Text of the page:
It is well known that John Adams had imagined that July second would be the day that future generations of Americans would remember as their day of independence from England, the nation’s birthday, if you will. It was, after all, on the second that it was proclaimed “(T)hat these United Colonies are, and of right ought to be, free and independent States, that they are absolved from all allegiance to the British Crown, and that all political connection between them and the State of Great Britain is, and ought to be, totally dissolved.”
But it was two days later that those gathered in defiance to the King declared a “Declaration of Independency” thereby adopting the famed document that carefully delineated the natural rights by which they claimed independence followed by a list of grievances that would explain why they invoked those rights.
So what are we celebrating? Is it our birth as a nation or are we celebrating the document of Independence? Early celebrations were mixed and a bit confused on that point. Additionally, celebrations on July fourth weren’t that common for a time after the Revolution was over. At first, not many felt a need to celebrate something that had happened and was over. It was time to move on from war in many American’s eyes.
Then again, not many Americans had much interest in the Declaration itself until the 1790s when the emerging parties began to vie for bragging rights over who wrote it. The Democratic Republicans proudly held that their leader, Thomas Jefferson, was the author of the document while the Federalists reminded everyone that their leader, John Adams, was also a member of the committee that drafted the document and that he, as much as Jefferson, had his stamp on the Declaration of Independence.
As the fame of the document and interest in it grew in the new United States of America, so too did a focus on celebrating the nation’s separation from England. By the time the fiftieth anniversary of the signing of the Declaration neared in 1826, Independence Day had become a common day for celebration. And, despite a brief period in the South during and after the Civil War, the holiday atmosphere has grown and remained strong to this day.
The answer to the question above, then, is that we celebrate both the famed document and its purpose for having been drafted. We celebrate our birthday as a nation as well as those stated principles that announced to the world what we were, what this new nation was meant to represent. And so, it is properly Independence Day that we celebrate — a celebration of both the document and its famous ideas as well as our separation from England and the birth of our nation.
But one thing is sure, it is not “July Fourth” we celebrate. The fourth day of the seventh month is an inconsequential number. We are not celebrating a fourth day of anything and the bland, uninformative title of “July Fourth” should be banished from our minds as meaningless.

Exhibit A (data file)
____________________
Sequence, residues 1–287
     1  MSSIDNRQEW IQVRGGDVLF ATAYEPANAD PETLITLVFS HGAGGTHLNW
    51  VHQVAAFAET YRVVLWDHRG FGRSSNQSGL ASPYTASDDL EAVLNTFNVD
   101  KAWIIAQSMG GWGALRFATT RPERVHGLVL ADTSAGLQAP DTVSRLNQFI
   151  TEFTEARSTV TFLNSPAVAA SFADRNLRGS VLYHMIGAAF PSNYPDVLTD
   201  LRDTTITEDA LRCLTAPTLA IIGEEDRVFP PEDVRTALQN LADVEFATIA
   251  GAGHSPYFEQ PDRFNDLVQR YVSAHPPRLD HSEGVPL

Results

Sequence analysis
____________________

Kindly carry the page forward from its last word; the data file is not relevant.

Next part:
Why forget that title? Aside from the fact that we aren’t celebrating the numerology of the day, calling it “July Fourth” does nothing toward informing the world and our fellows of what it is we are celebrating. Do we celebrate December 25th, or do we Celebrate Christmas? Worse than a lack of identification, calling this sacred holiday merely “July Fourth” also dims from our minds the great purpose of what the holiday stands for.
Yes, Independence Day is more than a number and more than just a birthday party. It is the heralding of a new set of principles by which all men everywhere can declare their own freedom. It is the assertion that all men are created equal and have been given that status by God. Further, that because these rights are bestowed upon us by God, men have the right to insist that their government serve them, not that men be yoked to serve government.
We hold these truths to be self-evident, that all men are created equal, that they are endowed by their Creator with certain unalienable Rights, that among these are Life, Liberty and the pursuit of Happiness. — That to secure these rights, Governments are instituted among Men, deriving their just powers from the consent of the governed, — That whenever any Form of Government becomes destructive of these ends, it is the Right of the People to alter or to abolish it, and to institute new Government, laying its foundation on such principles and organizing its powers in such form, as to them shall seem most likely to effect their Safety and Happiness.
These were revolutionary concepts upon which to build a nation and it announced to the world that our revolution was a common cause for all mankind, not just we Americans. That day we declared that men have the right to cast off the oppressive yoke of government and live free.
Without doubt, these are heady concepts. And these are the high principles that we celebrate on Independence Day each year, that holiday that just happens to fall on the fourth day of July.
So, let’s cast off this bland appellation of “July Fourth” for a holiday of such important ideas. Let us proudly call it “Independence Day” so that we can keep in the forefront of our minds those great ideas we hold up as something worth celebrating.
It isn’t “July Fourth,” so let’s stop celebrating that holiday. It is Independence Day and nothing less.